Nicole Mitchell Feature

Nicole Mitchell Playing Chicago and the World
Nicole Mitchell
by Mark Ruffin

The city of Chicago has quite a diverse music scene that is recognized all across the country. But, in the current climate of the music world outside America, Chicago is revered basically for three forms of music; blues, house music and avant-garde jazz.

There are a number of avant-garde musician in the Illinois big city that actually may get more attention internationally than they do locally. Many of them, including Kahil El’Zabar, Don Moye, Ernest Dawkins, and Ken Vandermark, tour Europe, Africa and the U.S. regularly. Nicole Mitchell and her Black Earth Ensemble can now be added to that list. The energetic flute player will be playing in Munich, Germany this month, May 6-12 with trombonist and McArthur Foundation genius grant winner, George Lewis.

Most all of these aforementioned musicians, including Mitchell and Lewis, belong to an organization called the Association for the Advancement for Creative Musicians.(AACM) Recently this nearly 40 year-old organization has been undergoing a subtle facelift due to Mitchell, a little flute player with a gigantic sound.

Before Mitchell, Chaka Khan and keyboard player Amina Claudine Meyers were the most familiar women with a history with the AACM. But Khan’s association was short and fleeting, and Meyers, like most of the men who pioneered the AACM, left Chicago for New York and Europe.

“Chicago has always felt like home to me,” said Mitchell, who only arrived in Chicago in the early 90’s.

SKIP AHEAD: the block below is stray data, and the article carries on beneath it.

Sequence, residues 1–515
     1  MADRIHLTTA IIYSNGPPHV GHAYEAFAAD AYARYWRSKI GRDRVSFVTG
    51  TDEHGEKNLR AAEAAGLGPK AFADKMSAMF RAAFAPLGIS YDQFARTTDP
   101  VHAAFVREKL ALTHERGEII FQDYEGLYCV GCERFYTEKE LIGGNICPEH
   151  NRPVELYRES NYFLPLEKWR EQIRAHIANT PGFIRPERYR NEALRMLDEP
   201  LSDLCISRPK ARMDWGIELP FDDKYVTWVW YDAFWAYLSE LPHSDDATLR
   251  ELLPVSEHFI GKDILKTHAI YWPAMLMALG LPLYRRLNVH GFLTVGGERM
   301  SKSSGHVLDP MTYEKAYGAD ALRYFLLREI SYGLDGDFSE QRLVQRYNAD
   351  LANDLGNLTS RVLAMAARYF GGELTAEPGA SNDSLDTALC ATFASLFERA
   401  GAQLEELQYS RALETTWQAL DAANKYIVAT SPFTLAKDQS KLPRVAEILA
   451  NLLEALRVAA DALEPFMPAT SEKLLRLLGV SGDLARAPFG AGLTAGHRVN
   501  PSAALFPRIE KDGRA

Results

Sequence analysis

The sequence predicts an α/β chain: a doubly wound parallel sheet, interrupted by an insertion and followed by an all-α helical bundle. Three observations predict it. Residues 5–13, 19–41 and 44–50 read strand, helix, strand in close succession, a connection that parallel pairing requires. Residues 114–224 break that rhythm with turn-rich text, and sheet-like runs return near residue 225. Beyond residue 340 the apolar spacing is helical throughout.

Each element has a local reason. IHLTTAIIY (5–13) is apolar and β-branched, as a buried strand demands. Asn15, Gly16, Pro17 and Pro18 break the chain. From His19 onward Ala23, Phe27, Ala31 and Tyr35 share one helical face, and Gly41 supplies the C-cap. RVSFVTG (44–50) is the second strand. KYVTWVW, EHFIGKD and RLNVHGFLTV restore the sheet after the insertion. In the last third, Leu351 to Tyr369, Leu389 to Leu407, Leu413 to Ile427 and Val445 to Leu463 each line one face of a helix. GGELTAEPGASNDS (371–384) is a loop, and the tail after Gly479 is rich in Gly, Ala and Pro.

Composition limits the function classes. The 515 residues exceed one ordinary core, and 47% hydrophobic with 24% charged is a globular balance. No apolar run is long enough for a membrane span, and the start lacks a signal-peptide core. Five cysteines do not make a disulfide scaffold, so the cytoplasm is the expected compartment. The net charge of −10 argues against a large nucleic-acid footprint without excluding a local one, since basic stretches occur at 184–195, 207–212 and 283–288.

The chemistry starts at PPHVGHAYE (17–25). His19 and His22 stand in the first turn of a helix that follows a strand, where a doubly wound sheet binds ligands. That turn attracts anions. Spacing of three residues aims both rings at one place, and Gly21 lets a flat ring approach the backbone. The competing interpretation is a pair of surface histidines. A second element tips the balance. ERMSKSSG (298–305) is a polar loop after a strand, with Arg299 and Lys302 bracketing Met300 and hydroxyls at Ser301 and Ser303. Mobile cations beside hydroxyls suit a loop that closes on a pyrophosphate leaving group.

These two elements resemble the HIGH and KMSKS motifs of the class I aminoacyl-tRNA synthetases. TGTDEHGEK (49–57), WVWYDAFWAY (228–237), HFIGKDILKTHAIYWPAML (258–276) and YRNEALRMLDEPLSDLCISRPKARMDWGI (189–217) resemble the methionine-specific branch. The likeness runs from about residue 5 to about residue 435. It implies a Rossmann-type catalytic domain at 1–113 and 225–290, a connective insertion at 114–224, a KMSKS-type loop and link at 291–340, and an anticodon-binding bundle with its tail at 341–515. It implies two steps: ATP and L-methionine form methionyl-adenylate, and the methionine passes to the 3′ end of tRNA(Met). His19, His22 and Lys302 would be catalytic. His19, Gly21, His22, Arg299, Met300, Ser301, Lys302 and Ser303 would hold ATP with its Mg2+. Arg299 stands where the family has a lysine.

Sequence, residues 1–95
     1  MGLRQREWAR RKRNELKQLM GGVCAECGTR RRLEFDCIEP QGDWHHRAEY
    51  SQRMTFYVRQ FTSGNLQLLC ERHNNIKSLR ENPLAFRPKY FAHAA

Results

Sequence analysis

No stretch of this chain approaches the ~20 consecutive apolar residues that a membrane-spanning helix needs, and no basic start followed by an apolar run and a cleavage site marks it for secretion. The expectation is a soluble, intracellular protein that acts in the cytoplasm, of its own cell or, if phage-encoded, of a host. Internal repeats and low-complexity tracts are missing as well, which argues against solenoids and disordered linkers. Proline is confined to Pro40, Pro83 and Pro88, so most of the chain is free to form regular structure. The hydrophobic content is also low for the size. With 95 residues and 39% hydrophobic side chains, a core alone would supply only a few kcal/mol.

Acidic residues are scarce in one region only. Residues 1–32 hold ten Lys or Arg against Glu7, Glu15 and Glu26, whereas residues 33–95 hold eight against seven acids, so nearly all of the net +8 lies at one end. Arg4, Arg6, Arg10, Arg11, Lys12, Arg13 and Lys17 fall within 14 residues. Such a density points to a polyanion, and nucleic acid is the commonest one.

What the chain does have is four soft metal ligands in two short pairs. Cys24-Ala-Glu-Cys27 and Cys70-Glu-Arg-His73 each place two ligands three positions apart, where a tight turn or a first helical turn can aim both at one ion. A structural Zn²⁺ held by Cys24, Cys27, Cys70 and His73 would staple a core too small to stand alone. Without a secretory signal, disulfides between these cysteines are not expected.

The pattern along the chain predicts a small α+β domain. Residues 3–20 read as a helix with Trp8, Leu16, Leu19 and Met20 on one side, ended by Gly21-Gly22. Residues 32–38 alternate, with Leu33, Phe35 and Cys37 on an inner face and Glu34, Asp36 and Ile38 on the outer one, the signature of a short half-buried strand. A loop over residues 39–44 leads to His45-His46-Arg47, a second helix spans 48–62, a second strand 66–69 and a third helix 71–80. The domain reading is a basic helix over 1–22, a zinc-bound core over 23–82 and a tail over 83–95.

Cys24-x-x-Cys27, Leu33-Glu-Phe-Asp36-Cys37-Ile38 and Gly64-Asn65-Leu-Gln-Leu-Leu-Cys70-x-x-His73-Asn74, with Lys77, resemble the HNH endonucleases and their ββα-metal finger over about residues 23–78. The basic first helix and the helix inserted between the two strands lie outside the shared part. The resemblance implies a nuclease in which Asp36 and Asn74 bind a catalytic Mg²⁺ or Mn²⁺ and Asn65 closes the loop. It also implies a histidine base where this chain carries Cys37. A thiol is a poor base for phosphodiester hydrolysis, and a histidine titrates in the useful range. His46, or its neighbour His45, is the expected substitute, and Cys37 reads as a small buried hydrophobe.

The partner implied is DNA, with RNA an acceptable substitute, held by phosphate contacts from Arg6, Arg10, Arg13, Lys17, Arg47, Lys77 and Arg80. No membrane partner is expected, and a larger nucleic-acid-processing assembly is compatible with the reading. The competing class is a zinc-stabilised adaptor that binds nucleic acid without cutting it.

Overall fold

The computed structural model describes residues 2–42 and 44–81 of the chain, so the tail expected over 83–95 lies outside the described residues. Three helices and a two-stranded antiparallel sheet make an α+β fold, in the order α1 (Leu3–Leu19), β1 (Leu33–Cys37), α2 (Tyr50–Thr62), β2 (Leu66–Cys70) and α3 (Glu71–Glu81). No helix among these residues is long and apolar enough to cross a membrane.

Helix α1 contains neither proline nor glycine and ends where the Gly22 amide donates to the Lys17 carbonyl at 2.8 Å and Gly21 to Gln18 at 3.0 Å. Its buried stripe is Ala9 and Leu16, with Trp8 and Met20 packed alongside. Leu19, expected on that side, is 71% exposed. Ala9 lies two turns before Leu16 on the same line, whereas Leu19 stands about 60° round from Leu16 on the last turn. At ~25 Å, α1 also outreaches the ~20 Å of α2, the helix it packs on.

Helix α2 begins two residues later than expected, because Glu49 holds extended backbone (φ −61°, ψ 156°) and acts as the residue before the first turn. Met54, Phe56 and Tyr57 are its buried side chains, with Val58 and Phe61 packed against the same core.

“Chicago was where my mother was born and raised,” said the Ohio born, California raised musician..

“My grandparents moved there in the 20’s from Virginia, and I spent every summer there, and almost every Christmas, and I really hated California.

“They didn’t know what to do with me, the neighborhood that I lived in there were only a few black people in the neighborhood, everyday was a different experience just going to school.”

While she may not have like the west coast, that may be the reason she is having growing success in Chicago and nationwide.

The Chicago school of avant-garde jazz is noted for a hard uncompromising style. Just the word avant-garde is enough to scare many otherwise jazz loving fans away from such music. But there’s a certain spice in both of the albums released by the Black Earth Ensemble that is, for lack of a better term, more accessible. The group’s latest album is titled Afrika Rising.

It’s not that there’s a cheapening of the art in her music, that’s hardly the case. A comparative case would be the late 60’s/early 70’s popularity of avant-garde saxophonist Pharoah Sanders. With a band that introduced the world to pianist Lonnie Liston Smith and vocalist Leon Thomas, Sanders music was as arty as similar groups of the era, but his record sales and concert attendance dwarfed his competitors by a wide margin. His music was still avant-garde.